• Upadte: A document (PDF: 10 MB) on research activities in 2014-15 is hosted at: Click here.
Some of the key contributions of the group are summarized below:
  • Auditory Spectral Estimation: Robust estimation of the instantaneous frequency (IF) of a time-varying sinusoid is explored, first using joint time-frequency representations and then using auditory system motivated level-crossing information. It is shown that zero-crossing instants can be used to estimate the instantaneous phase function through interpolation of its irregularly spaced samples [J2,C1]. Similarly, higher order TFRs, such as cross-L-Wigner distribution and complex TFRs, are shown to be more to be more robust IF estimators of arbitrary polynomial phase functions, in the presence of additive noise. [J5, J6,C14]
  • Speech/Audio Compression: A new technique of decomposing speech and music signals into linear chirp components with a mixture Gaussian envelope for each component is developed. This uses a successive approximation approach and hence well suited to approximate a signal to its perceptual noise threshold. It is shown that the model is effective for a variety of signals that are harmonic, tonal, transient and noise like (unvoiced) and provides a near transparent reconstruction for a parameter load of 2-4 pars/ms [J3,C2, P1]. We also showed that VQ of side information is effective for low bitrate speech/audio coding in MPEG-4 AAC [C8,C9]. We have also pursued an adaptive filter-bank approach to audio coding with joint time-frequency domain bit-allocation. This provides a better estimate of the perceptual entropy of transient signals. For very-low bitrate speech coding, we have formulated a speech recognition followed by speech synthesis approach. Here we have developed separate HMMs for vocal-tract modeling and glottal-pulse modelling. This joint HMM based synthesis seems promising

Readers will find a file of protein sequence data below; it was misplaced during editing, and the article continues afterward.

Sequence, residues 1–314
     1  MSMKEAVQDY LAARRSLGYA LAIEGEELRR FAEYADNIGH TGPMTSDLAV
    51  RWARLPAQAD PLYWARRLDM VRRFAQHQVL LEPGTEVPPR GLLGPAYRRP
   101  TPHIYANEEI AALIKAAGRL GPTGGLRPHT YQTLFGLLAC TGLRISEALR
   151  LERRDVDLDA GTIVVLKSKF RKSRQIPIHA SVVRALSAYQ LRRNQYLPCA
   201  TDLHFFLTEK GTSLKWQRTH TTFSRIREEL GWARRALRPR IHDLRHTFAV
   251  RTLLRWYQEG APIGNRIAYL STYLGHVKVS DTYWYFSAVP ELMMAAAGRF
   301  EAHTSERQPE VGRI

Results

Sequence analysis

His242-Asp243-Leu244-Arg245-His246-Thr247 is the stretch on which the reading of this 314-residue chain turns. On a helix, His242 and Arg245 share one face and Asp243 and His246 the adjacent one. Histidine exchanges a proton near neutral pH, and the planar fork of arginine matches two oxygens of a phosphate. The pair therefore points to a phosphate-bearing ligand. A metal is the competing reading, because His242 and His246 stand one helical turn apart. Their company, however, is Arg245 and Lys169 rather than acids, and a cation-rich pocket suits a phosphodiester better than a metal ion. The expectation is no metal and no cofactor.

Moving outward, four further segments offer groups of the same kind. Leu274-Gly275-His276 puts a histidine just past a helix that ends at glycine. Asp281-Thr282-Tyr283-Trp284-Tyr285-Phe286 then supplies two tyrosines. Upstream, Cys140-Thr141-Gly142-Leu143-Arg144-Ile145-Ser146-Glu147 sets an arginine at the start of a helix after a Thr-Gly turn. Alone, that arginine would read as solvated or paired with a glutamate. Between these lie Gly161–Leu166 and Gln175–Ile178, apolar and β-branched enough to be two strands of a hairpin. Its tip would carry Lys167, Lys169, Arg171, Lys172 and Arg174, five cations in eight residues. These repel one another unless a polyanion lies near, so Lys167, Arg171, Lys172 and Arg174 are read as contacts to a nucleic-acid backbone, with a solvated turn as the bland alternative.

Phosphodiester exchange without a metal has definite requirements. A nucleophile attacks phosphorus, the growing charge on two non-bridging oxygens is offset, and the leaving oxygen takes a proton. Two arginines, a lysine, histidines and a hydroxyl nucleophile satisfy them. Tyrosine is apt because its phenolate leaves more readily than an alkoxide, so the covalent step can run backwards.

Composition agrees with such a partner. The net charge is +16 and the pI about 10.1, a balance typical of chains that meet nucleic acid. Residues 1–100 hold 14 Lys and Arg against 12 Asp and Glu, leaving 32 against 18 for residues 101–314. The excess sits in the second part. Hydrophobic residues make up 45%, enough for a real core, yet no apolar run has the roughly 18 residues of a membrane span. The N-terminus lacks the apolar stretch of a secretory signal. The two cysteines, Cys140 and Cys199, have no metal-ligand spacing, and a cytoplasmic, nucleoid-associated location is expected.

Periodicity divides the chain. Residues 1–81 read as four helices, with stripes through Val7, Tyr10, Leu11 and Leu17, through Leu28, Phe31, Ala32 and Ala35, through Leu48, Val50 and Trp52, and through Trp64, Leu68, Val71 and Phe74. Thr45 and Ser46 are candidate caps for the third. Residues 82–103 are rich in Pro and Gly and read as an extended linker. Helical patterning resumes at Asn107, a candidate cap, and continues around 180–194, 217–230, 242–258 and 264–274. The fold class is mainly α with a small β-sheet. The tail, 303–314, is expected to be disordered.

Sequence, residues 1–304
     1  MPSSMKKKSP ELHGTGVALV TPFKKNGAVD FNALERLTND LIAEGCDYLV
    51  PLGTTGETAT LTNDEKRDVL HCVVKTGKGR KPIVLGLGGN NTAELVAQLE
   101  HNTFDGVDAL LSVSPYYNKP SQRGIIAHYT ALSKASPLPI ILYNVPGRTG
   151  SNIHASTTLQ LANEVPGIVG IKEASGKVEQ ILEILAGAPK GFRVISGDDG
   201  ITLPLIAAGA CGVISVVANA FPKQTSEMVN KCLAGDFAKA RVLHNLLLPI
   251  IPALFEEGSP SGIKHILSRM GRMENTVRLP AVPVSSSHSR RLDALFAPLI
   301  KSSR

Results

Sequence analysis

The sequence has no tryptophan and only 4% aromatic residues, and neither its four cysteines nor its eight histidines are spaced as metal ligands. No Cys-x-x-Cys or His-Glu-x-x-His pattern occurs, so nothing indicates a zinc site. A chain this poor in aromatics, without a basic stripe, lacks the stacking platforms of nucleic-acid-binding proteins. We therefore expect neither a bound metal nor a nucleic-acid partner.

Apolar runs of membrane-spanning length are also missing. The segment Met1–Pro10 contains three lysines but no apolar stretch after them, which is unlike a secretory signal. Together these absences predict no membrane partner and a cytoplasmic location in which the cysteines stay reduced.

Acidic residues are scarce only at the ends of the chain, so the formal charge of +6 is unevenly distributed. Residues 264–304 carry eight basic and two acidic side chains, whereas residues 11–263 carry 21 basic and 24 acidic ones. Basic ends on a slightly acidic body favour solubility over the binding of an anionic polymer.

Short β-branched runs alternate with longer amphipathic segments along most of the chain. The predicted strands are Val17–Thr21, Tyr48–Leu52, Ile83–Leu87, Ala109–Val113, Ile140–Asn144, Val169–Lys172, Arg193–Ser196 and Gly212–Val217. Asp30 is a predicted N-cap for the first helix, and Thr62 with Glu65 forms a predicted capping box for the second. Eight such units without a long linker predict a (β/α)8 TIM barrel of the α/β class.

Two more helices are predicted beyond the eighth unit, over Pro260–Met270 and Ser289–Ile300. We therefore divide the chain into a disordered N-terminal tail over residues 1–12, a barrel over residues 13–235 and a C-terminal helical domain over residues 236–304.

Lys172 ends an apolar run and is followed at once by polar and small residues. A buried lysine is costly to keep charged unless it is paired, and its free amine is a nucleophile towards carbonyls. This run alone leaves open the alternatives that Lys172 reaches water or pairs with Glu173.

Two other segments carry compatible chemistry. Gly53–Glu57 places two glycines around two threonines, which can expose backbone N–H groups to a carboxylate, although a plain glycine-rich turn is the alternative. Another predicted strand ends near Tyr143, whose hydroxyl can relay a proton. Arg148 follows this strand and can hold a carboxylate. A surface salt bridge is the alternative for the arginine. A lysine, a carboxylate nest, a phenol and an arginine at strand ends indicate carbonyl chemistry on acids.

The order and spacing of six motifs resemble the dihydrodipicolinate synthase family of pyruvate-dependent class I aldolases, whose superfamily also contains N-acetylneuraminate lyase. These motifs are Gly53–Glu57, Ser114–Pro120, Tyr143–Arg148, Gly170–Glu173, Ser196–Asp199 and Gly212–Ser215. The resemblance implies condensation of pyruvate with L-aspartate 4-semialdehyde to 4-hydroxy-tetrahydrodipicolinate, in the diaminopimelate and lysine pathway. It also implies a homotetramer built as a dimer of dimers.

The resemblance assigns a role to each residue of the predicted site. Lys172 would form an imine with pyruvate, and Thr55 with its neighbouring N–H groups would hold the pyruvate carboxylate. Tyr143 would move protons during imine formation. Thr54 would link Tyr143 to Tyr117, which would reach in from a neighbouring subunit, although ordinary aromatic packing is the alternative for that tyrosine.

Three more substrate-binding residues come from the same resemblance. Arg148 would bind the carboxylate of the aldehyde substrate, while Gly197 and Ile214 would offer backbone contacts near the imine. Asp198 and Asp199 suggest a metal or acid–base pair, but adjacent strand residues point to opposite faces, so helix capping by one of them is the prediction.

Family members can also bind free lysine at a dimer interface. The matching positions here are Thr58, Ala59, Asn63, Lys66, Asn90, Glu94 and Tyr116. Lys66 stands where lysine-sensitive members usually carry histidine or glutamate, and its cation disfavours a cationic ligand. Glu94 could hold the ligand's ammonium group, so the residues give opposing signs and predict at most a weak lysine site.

• Speech Recognition: Towards robust speech recognition in automobile noise, we addressed robustness at four levels: (i) word boundary detection, (ii) auditory/discriminant features, (iii) noise compensation and (iv) growing HMMs/NNs. For (i) we have developed a new algorithm based on the norm of the mel-frequency cepstral vectors, whose performance is seen to be < 2% false word detection and 0% words missed [J1]. Robust feature transformation is determined using a discriminant formulation and gradient search using the training data. This approach has lead to a combined optimum for the DCT and weighting lifter for the MFCC parameters [M16]. We also developed an auditory motivated variable time-frequency resolution (EarLyzer) feature vector for improved performance [C5]. For noise compensation, it is shown that spectral addition of background noise beyond the word boundaries is more effective than spectral subtraction. For pattern matching, a 2D matched filter model is developed to match the speech patterns in the joint TF representation [J4]. For a compact statistical representation of the speech patterns a growing HMM or a growing SOM (self-organizaing map) neural network is considered. It is found that increasing the statistical resolution in a class-discriminant manner does  provide improved HMM classification of noisy signals [C7].
  • Speech Enhancement: Intelligibility/quality enhancement of binaural noisy speech is modelled using an iterative coherence filter approach. It is shown that this approach gives a better performance that the single channel model [C3].
  • Audio Processing: For hi-fi audio rendering, we explored simulation of dynamic localization using head related impulse response (HRIR) interpolation and filtering in real-time. Of the various interpolation schemes, linear interpolation is shown to be su?cient to achieve perceptual accuracy of localization of the source [C4].
Future work:
  • Resolution/robustness trade-off in time-varying IF estimation using LC information.
  • Speech/Audio analysis/synthesis using polynomial chirps.
  • Discriminant training of speech patterns using growing HMMs and growing neural-networks.
  • Binaural speech enhancement using an estimate of head related transfer function (HRTF).
  • Real-time audio morphing for audio effects.